Google Bard was originally tested in the United States and is now available to everyone in 180 countries without any need to register on the waiting list. Additionally, Bard will support Japanese and Korean, with plans to add support for 40 languages soon.
PaLM 2 is a large-scale language model that enables “advanced math and reasoning skills,” according to Google. This upgrade replaces the previous lightweight version of Google’s AI model, LaMDA, which was criticized for its poor performance compared to other language models such as ChatGPT and Bing Chat.
The integration of Google Lens into Bard will also allow users to include photos and images in prompts. For example, users can upload a picture of dogs and ask Bard to “write a funny caption about these two.” Bard can analyze photos, detect dog breeds, and create funny captions if needed.
Another new feature is the inclusion of citations when Bard provides code in the future. Users can simply click on the annotation, and Bard will underline those parts of the response and link to the source. Additionally, Bard now has a code export button and a dark theme for users who want to use the service better.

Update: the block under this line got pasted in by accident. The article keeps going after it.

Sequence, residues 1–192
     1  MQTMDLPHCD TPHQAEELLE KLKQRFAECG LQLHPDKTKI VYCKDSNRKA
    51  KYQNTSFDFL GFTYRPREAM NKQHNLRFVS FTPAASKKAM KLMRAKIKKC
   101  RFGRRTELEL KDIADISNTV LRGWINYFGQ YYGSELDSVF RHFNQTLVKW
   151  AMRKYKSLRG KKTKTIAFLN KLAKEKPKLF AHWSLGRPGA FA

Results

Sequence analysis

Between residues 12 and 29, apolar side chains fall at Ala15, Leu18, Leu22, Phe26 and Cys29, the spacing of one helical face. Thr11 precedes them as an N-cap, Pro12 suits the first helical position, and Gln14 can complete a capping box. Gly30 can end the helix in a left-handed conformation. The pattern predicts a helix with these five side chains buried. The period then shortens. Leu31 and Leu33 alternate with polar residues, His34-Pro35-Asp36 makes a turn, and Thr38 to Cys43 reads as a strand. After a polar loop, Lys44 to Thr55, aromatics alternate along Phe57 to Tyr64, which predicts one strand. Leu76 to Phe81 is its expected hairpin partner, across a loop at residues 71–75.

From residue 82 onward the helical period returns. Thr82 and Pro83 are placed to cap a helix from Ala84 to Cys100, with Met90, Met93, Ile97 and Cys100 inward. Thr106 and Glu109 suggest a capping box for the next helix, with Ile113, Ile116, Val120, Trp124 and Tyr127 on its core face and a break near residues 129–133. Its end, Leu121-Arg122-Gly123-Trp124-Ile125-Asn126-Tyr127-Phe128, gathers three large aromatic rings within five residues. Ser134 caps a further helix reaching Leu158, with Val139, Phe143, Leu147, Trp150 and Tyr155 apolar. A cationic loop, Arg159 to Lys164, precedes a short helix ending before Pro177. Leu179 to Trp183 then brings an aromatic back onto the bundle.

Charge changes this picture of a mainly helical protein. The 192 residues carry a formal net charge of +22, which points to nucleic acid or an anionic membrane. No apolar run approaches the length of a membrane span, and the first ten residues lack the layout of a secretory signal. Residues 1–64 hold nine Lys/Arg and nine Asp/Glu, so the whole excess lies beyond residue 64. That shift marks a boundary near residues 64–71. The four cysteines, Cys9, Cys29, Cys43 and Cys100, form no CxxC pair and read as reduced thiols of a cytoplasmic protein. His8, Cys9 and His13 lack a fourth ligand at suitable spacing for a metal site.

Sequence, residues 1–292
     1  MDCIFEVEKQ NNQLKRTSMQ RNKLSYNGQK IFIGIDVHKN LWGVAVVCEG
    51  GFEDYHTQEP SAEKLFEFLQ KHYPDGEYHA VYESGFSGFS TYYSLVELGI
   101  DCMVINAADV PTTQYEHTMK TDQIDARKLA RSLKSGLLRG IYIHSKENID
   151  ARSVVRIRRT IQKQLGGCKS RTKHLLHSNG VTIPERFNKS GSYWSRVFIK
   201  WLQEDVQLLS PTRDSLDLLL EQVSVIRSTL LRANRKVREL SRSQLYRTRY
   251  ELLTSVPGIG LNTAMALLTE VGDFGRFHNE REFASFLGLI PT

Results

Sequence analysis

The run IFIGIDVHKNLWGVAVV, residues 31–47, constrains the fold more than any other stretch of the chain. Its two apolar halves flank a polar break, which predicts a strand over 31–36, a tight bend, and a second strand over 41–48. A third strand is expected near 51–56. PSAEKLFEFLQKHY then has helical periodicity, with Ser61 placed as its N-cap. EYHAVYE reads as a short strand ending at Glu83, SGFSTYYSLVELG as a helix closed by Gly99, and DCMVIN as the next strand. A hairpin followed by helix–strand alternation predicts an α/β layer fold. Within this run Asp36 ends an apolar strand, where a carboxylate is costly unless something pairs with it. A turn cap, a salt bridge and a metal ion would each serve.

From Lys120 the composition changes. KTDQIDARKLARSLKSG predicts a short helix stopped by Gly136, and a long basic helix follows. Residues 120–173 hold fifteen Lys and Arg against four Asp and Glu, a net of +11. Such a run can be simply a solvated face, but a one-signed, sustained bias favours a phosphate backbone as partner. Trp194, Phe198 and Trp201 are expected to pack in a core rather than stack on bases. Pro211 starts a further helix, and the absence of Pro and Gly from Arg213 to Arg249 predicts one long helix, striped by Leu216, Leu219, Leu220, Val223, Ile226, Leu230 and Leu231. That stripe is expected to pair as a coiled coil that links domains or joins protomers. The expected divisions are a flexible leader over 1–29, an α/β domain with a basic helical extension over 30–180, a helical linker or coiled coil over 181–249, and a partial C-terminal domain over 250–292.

Google also plans to add extensions to Bard that will allow the chatbot to access external resources, partnering with other service providers such as Kayak, OpenTable, ZipRecruiter, Instacart, Wolfram, and Khan Academy. This will greatly expand the chatbot’s capabilities.
Over time, Google will integrate functionality from existing applications such as Docs, Drive, Gmail, and Maps into the Bard user experience. Users can export Bard’s responses directly to Gmail or Docs, saving copy-paste time and “getting ahead of drafts of emails and documents.” Google also showed an example of using an extension for Adobe Firefly, an AI image synthesis model, to generate a unicorn image for a birthday party within Bard during the I/O presentation.